Patients included in this group will receive placebo alone followed by memantine combined with intensive speech-language therapy.
Behavioral: constraint-induced language therapy (CIAT)
CIAT is an intensive form of language-action therapy for aphasia performed in a small group setting. In a therapeutic game context, participants had to request objects or cards from each other and understand requests made by others. Feedback of communicative success was regularly given, along with guidance, help and reinforcement. Gesturing replacing verbal language was discouraged although gestures accompanying speech were allowed. Difficulty levels were adjusted to the patients´ communicative abilities by choosing language materials and actions and reinforcement was administered taking into account each patient´s level of performance. Communication rules were introduced by shaping and modelling. Each patient received 30 hours of therapy.
Other Name: Intensive language-action therapy
Drug: placebo
Placebo

Detailed Description:
  • The efficacy of drugs that act on glutamate such as the N-methyl-D-aspartic acid (NMDA) receptor antagonist memantine requires to be explored in this population. The rationale for using memantine in post-stroke aphasia comes from recent studies on vascular dementia. Data extracted from a recent Cochrane review of randomized controlled trials of memantine in different types of dementia (vascular dementia, Alzheimer's disease, mixed dementia) reveal, after 6 weeks of treatment, beneficial effects on cognition (including language), activities of daily living, behavior and global scales as well as in the global impression of change.
  • Recovery from aphasia is possible even in severe cases. While speech-language therapy remains as the mainstay treatment of aphasia, its effectiveness has not been conclusively proved. This has motivated the planning of more rational therapies (e.g., constraint-induced language therapy [Pulvermüller et al., 2001; 32: 1621-1626]).
  • In addition, the neural correlates of improvement of language function can now be readily detectable with event-related potentials. This is a noninvasive technique that can detect in real time functional brain changes during recovery promoted by the combined action of memantine and constraint-induced language therapy.
  • The aim of the present study is to assess the efficacy, safety profile, and functional correlates of memantine paired with massed language therapy in a sample of patients with chronic poststroke aphasia.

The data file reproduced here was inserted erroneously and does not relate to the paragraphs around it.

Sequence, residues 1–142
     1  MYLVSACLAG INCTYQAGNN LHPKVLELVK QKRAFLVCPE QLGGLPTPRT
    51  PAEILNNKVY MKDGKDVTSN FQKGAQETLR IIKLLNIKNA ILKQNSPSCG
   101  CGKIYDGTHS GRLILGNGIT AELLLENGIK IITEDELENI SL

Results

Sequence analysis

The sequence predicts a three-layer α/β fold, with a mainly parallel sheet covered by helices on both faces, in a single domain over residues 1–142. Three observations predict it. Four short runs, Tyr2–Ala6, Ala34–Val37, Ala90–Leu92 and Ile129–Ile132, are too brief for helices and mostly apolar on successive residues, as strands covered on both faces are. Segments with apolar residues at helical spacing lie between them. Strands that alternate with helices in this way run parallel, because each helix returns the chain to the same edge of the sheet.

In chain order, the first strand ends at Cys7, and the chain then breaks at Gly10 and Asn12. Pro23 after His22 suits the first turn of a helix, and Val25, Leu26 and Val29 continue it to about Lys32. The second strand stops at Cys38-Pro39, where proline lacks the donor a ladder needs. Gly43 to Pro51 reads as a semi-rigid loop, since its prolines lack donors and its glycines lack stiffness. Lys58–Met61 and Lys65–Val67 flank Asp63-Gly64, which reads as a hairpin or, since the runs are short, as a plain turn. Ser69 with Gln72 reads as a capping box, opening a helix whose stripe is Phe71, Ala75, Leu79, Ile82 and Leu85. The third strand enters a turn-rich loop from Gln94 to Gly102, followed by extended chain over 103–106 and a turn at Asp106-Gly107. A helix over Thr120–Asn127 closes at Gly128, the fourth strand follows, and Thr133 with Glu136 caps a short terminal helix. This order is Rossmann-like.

Eligibility

Ages Eligible for Study:   18 Years to 69 Years
Genders Eligible for Study:   Both
Accepts Healthy Volunteers:   No
Criteria

Inclusion Criteria:

  • Chronic aphasia of more than one year duration
  • Must be able to complete protocol

Exclusion Criteria:

  • Dementia
  • Major psychiatric illness
  • Severe global aphasia (precludes participation in constraint-induced language therapy)
  Contacts and Locations
Choosing to participate in a study is an important personal decision. Talk with your doctor and family members or friends about deciding to join a study. To learn more about this study, you or your doctor may contact the study research staff using the Contacts provided below. For general information, see Learn About Clinical Studies.

Please refer to this study by its ClinicalTrials.gov identifier: NCT00640198

Locations
Spain
Gabinete Berthier y Martínez and Centro de Investigaciones Médico-Sanitarias (CIMES) University of Malaga
Malaga, Spain, 29001
Sponsors and Collaborators
Gabinete Berthier y Martínez
H. Lundbeck A/S
Investigators
Principal Investigator: Marcelo L. Berthier, M.D., Ph.D Gabinete Berthier y Martínez and Centro de Investigaciones Médico-Sanitarias (CIMES), University of Malaga
  More Information

Publications:
ClinicalTrials.gov Identifier: NCT00640198     History of Changes
Other Study ID Numbers: M-10830, Gabinete Berthier y Martínez., Lundbeck, Spain, S.A.
Study First Received: March 17, 2008
Last Updated: March 20, 2008
Health Authority: Spain: Ministry of Health and Consumption

Keywords provided by Gabinete Berthier y Martínez:
Aphasia
Memantine
Constraint-induced language therapy
Event-related potentials

Additional relevant MeSH terms:
Aphasia
Communication Disorders
Language Disorders
Nervous System Diseases
Neurobehavioral Manifestations
Neurologic Manifestations
Signs and Symptoms
Speech Disorders
Memantine
Anti-Dyskinesia Agents
Antiparkinson Agents
Central Nervous System Agents
Dopamine Agents
Excitatory Amino Acid Agents
Excitatory Amino Acid Antagonists
Molecular Mechanisms of Pharmacological Action
Neurotransmitter Agents
Pharmacologic Actions
Physiological Effects of Drugs
Therapeutic Uses

ClinicalTrials.gov processed this record on October 20, 2014